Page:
Researchers suggest even minor adjustments in daily caloric intake can produce meaningful weight changes over time. For instance, skipping dessert once a week could translate to nearly 6 pounds lost over a year. Consistent monitoring of food intake coupled with incremental increases in physical activity often yield more stable results than drastic weight-loss programs.

While genetics play a role in determining metabolism, research indicates that weight gain in middle age is more likely influenced by external factors like diet, physical activity, sleep patterns, and stress.

Factors that contribute to weight gain

While age itself can’t be a reason for weight gain, the majority of people experience biological and lifestyle changes in middle age that can make them more prone to retaining extra pounds.

Muscle mass loss

The aforementioned research underscores that body composition, particularly fat-free mass, significantly impacts metabolic rate. Of all tissue types, muscle mass burns the most number of calories increasing basal metabolic rate.

Sarcopenia is an age-related, involuntary loss of skeletal muscle mass and strength. Physically inactive people start losing from 3–5% of their muscle mass each decade after the age of 30. By the age of 75–80, this loss can reach up to 50% of lean muscle mass, according to studies.

 

Sarcopenia ignites hormonal changes that increase the risks of obesity even more. Reduced muscle mass leads to mitochondrial dysfunction that impairs skeletal muscle insulin sensitivity and increases the risk of insulin resistance and type 2 diabetes associated with extra weight.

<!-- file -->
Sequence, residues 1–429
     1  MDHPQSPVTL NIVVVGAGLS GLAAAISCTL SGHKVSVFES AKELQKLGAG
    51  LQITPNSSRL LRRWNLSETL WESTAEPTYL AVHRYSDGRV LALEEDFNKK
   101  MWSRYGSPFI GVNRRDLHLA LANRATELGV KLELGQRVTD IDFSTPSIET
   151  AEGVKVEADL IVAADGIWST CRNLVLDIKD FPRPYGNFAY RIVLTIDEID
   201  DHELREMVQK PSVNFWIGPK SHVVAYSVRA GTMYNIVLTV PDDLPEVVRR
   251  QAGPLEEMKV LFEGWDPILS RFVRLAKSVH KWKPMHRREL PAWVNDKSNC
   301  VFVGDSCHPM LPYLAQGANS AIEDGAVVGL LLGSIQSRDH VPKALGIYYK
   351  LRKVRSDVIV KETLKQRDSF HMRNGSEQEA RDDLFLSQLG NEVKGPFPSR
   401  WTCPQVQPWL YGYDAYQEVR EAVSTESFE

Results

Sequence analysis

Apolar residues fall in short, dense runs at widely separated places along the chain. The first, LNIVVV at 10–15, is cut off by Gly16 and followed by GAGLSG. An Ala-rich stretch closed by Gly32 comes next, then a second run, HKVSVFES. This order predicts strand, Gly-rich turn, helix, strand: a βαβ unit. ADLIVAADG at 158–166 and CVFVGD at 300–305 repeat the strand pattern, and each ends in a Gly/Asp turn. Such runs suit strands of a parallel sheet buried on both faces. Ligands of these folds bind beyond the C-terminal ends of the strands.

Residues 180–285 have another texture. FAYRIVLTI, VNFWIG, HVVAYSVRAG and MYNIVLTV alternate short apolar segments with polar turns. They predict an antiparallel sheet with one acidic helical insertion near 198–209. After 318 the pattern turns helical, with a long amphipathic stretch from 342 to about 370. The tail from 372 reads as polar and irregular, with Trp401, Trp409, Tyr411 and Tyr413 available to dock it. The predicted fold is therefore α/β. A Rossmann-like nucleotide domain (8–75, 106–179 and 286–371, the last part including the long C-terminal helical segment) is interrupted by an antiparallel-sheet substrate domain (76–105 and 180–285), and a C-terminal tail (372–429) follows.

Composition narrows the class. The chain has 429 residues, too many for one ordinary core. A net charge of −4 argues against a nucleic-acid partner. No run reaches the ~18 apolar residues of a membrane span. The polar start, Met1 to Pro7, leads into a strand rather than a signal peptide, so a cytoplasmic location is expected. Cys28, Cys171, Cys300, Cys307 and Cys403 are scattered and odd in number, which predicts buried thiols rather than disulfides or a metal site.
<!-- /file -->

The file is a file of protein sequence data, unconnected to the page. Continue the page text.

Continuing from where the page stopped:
Less active lifestyle

Poor eating habits and lack of physical activity are considered the 2 main reasons for the obesity epidemic in industrial countries. Global obesity prevalence may reach more than 21% in women and 18% in men by 2025.

 

Physical activity can be divided into exercise-related activity thermogenesis (EAT) and non-exercise activity thermogenesis (NEAT). EAT refers to any kind of sports training, while NEAT includes all other types of daily activity including physical labor, doing chores, taking stairs, walking, etc. According to statistics, the percentage of the population engaged in regular exercise activity remains low. 36.1% of the studied US population was categorized as sedentary, while a further 47.6% were physically active at low levels.

 

For busy middle-aged individuals, short, high-intensity exercises like Reduced Exertion HIIT (REHIT) and increased daily movement can effectively elevate energy expenditure.

Unbalanced diet

An unhealthy diet, rich in simple carbohydrates, sugars, and ultra-processed foods, not only disrupts metabolism but also leads to caloric excess. A balanced diet is rich in lean proteins, fibers, healthy fats, and essential nutrients.